So the train has now properly left the station. Chemotherapy has begun. A somewhat noxious cocktail of 5FU & Oxaliplatin ingested intermittently over six months, but I am on board, physically and mentally. Grateful to be off the metaphorical platform, minor delays almost (but not entirely) totally forgotten.
Physically getting on the train, destination not quite certain, route yet to be determined, proved to be less challenging than anticipated when the moment finally arrived last Tuesday morning.
It turns out that if an unexpectedly large throng of well-wishers, both familiar and less so, pitch up to wave you off, cheer you on and wish you well on your journey, then your emotions change. Apprehension vanishes in an instant and fears withers, smothered by a warm blanket of human kindness. A veritable a superhero cape to vanquish evil, doubt and mental wobbles. (I have been deeply humbled by your amazing support. Thank you all.)
Cape on, I embarked on my journey. My companions for the journey, fellow patients and clinical staff. As anyone who has ever come across their breed will tell you, oncology nurses rock. They really are the best. Their compassion, humour and professionalism offers reassurance and comfort. The camaraderie both between nurses, and between patients, in spite of the situation, is almost tangible.
Whilst NHS headlines convey a dependence on expensive agency staff and talented migrants, the chemotherapy day centre proved to be a welcome anomaly. Staff turnover appears incredibly low; my wonderful, competent and dedicated nurse had done 25 years, another one 15 years, another 10 years…and so it went on. Like a remote and wonderful desert island, a refuge against parts of the NHS that are drowning / sinking / lost at sea with debts and infrastructure threatening to overwhelm the amazing culture and people that survive and thrive within its bounds.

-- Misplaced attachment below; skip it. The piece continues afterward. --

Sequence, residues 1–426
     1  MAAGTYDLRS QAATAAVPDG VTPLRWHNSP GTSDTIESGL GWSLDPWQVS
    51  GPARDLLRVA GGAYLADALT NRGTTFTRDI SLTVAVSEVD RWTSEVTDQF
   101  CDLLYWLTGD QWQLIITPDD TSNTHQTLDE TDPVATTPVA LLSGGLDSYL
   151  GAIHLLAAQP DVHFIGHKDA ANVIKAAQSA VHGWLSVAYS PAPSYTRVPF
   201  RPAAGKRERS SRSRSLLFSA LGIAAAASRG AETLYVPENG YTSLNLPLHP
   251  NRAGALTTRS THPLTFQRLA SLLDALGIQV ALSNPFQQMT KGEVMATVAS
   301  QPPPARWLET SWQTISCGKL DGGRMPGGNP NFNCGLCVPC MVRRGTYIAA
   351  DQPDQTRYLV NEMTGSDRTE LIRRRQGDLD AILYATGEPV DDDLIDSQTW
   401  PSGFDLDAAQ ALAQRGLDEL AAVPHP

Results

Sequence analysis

Whilst I may still fear the side effects and the extent to which they will build with each passing treatment, the chemotherapy day-care unit holds no demons now for me. Just more examples of positivity, patience and humanity.
Fellow patients have different cocktails, different diagnoses, different prognoses…but I couldn’t guess a thing from those I spoke to or interacted with. Most joked, laughed, read the papers with loved ones, surfed the internet. Apart from the cytotoxic drugs, the lines, machines, the jaunty, out-modish hospital furniture and the lack of an extensive, pretentious hot beverage selection, I could have almost been sat in a bustling coffee shop for the day.
After a relatively productive day of Christmas shopping, reading, puzzles, etc. I came home shrouded in woolly scarves and a hat to ward off the winter chill. A cool, supposedly hydrating, glass of water was a sharp reminder that the drugs were at work. My throat constricted quickly. Never has luke warm water from the kitchen tap been so welcome!
In the days that have followed I have come to understand the term ‘chemo brain.’ It feels much like ‘baby brain’ but more pervasive and persistent, like a fog of apathy and lethargy that materialises unexpectedly like a magical morning mist over a river or valley. Only these tendrils of cloudlike fug fail to evaporate, they conspire to hold your brain in their fuzzy clutches, shrouding one from clear thoughts and feelings. Impermeable and opaque. Functioning, but not fully functioning.